"Rule 44.1 of the Federal Rules of Civil Procedure permits parties to present information on foreign law, and the court may make its own determination of foreign law based on its own research" but "it is not mandatory that it do so." Loebig v. Larucci, 572 F.2d 81, 85 (2d Cir. 1978); see also Indep. Order of Foresters v. Donaldson, Lufkin & Jenrette, Inc., 919 F.Supp. 149, 152 (S.D.N.Y. 1996) ("In New York, it is required that a party wishing to apply the law of a foreign state show how that law differs from the forum state's law. Failure to do so results in the application of New York law."). Nevertheless, this Court has investigated whether Canada also follows the common law principle of nemo dat, that is, that one cannot convey greater rights to property than one received. It generally appears that it does. See Alan Schwartz & Robert E. Scott, Rethinking the Laws of Good Faith Purchase, 111 Colum. L. Rev. 1332, 1371 (2011) (noting that Canada generally "allow[s] original owners to prevail in [] theft cases"). Both Québec, where the Ferrari was imported, and Ontario, where the Ferrari was located immediately before entering the United States, appear to "adopt[] nemo dat as [a] base principle" and protect original owners against theft. Id. at 1378. Québec also provides some protections to good-faith purchasers, requiring the owner to compensate a good-faith purchaser who acquired the property "in the ordinary course of a business enterprise." Id. Alberta, where the Ikonick defendants registered the Ferrari, likewise follows the common law principle of nemo dat, and a "buyer acquires no better title to the goods than the seller had unless the owner of the goods is by the owner's conduct precluded from denying the seller's authority to sell." Sale of Goods Act, R.S.A. 2000, c S-2, s 23, https://canlii.ca/t/81v0#sec23. So the laws of the three Canadian provinces with connections to the Ferrari are similar to New York's, suggesting that there may not even be a conflict between New York and Canadian law. And to the extent there is a conflict, the purpose behind the laws of the three Canadian provinces supports protection of the owner's interest.

15. Judge McCarthy also found that "even if the record demonstrated that the Ikonick defendants were not the lawful owners of the automobile and therefore were entitled to no discovery on that issue, factual issues remain as to Provenzi's ownership interest [as compared to the interest of the other former partners of Autoexotic] in the automobile" and recommended that summary judgment should be denied on that basis. Docket Item 37 at 8. Provenzi objects, arguing that there is no genuine issue of material fact as to his ownership interest. Docket Item 40 at 16-18. Because this Court agrees with Judge McCarthy that there is a genuine issue of material fact as to whether the Ferrari was stolen, it need not and does not reach whether there are other triable issues of fact, including Provenzi's ownership interest.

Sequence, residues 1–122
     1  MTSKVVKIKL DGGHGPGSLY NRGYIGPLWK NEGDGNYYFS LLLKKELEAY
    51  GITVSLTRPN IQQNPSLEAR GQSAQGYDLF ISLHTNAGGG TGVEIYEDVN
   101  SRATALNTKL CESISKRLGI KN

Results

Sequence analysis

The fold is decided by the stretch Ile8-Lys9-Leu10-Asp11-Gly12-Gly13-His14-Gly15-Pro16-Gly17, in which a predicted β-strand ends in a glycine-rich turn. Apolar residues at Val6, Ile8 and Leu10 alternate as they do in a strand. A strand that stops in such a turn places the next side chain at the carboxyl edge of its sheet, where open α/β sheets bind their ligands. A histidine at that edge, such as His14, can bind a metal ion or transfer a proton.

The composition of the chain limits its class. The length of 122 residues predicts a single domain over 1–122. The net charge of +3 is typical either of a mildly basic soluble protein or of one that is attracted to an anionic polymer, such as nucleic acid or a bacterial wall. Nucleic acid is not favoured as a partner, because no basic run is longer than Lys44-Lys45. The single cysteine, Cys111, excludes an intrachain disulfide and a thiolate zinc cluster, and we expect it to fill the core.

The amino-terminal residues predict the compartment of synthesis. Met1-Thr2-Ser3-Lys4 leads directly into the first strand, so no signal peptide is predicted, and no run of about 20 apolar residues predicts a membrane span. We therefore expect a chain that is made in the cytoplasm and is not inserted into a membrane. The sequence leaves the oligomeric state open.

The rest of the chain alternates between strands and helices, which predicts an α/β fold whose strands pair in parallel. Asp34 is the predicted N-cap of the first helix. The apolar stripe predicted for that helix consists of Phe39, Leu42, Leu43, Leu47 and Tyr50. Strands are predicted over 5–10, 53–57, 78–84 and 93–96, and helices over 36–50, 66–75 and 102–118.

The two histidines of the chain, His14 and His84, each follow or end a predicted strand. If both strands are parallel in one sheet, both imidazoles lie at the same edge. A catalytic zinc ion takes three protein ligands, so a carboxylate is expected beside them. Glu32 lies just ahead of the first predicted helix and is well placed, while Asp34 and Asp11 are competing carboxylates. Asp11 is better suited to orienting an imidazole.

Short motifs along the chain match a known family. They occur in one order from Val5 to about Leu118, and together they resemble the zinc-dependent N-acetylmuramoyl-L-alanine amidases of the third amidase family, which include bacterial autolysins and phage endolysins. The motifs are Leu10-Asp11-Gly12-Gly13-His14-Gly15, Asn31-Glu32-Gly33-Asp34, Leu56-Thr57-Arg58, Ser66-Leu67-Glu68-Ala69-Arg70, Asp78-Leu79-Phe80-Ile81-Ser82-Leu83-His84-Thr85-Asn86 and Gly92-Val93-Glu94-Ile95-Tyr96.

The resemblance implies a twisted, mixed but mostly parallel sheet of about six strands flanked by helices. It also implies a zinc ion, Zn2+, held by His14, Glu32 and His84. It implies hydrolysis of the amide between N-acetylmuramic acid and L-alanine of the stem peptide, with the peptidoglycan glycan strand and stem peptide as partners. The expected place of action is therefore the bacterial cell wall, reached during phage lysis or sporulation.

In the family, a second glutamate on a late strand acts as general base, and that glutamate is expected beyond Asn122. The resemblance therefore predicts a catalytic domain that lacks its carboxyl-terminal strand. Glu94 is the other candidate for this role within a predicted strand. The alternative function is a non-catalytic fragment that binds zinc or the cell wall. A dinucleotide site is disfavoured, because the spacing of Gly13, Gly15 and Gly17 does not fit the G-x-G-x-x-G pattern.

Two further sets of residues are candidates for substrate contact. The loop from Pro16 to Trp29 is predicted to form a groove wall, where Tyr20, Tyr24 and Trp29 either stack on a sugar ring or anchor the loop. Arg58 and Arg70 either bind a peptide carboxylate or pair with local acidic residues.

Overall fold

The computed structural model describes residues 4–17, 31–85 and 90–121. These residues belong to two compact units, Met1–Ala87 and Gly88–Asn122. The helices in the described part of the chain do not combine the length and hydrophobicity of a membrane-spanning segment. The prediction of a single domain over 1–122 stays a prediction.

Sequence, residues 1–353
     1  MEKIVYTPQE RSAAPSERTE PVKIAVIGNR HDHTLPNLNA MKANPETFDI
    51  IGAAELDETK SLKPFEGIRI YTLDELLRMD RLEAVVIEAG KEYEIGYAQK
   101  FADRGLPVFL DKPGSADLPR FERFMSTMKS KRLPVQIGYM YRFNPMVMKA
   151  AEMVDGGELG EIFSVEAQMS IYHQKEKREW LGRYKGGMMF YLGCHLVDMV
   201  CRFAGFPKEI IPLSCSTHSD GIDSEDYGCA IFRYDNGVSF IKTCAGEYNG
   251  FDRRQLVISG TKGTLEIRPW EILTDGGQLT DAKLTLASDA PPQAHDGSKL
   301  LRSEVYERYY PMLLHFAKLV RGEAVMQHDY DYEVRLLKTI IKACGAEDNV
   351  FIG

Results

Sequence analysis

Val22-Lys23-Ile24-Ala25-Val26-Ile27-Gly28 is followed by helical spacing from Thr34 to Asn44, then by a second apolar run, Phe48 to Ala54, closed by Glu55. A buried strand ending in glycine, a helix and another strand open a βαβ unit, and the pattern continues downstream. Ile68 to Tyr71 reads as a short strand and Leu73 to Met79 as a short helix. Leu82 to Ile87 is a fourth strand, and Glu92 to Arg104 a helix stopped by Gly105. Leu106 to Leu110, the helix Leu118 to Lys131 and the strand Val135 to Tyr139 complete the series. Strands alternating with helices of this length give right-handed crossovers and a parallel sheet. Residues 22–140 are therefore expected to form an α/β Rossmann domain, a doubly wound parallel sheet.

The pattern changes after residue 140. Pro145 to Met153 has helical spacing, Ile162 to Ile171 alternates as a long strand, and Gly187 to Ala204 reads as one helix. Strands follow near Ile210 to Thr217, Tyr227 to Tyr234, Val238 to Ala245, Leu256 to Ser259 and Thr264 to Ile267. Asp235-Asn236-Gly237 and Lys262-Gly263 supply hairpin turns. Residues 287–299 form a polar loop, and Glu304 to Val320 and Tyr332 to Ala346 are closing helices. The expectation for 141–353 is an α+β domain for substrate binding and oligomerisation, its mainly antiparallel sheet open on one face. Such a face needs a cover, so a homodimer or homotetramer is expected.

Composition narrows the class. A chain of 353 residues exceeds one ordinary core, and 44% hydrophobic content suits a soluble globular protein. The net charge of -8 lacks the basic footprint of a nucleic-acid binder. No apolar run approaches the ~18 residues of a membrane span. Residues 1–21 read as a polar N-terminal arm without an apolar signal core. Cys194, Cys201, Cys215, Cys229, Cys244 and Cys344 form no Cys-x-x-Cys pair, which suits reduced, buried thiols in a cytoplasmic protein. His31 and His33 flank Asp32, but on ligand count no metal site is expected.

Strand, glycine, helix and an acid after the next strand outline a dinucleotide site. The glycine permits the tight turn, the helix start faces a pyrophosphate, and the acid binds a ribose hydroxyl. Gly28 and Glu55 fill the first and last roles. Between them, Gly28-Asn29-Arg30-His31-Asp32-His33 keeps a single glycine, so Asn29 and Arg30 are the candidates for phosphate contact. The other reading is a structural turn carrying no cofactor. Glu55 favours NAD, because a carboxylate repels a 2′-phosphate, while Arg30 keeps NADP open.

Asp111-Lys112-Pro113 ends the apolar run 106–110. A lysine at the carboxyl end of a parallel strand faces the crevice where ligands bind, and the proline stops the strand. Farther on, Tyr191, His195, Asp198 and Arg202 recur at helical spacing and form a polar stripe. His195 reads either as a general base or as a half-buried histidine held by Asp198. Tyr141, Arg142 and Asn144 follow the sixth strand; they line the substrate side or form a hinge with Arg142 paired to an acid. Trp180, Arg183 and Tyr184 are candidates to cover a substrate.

16. The Ikonick defendants did not object to Judge McCarthy's recommendation that they not be permitted to amend their answer to include a statute of limitations defense. Neither 28 U.S.C. § 636 nor Federal Rule of Civil Procedure 72 requires a district court to review the recommendation of a magistrate judge to which no objections are raised. See Thomas v. Arn, 474 U.S. 140, 149-50 (1985). Nevertheless, the Court has reviewed Judge McCarthy's recommendation in this regard, agrees with him, and denies the Ikonick defendants' request to amend their answer to include a statute of limitations defense.


1000 Characters Remaining

Leagle.com reserves the right to edit or remove comments but is under no obligation to do so, or to explain individual moderation decisions.

User Comments

Listed below are the cases that are cited in this Featured Case. Click the citation to see the full text of the cited case. Citations are also linked in the body of the Featured Case.

Cited Cases

  • No Cases Found

Listed below are those cases in which this Featured Case is cited. Click on the case name to see the full text of the citing case.

Citing Cases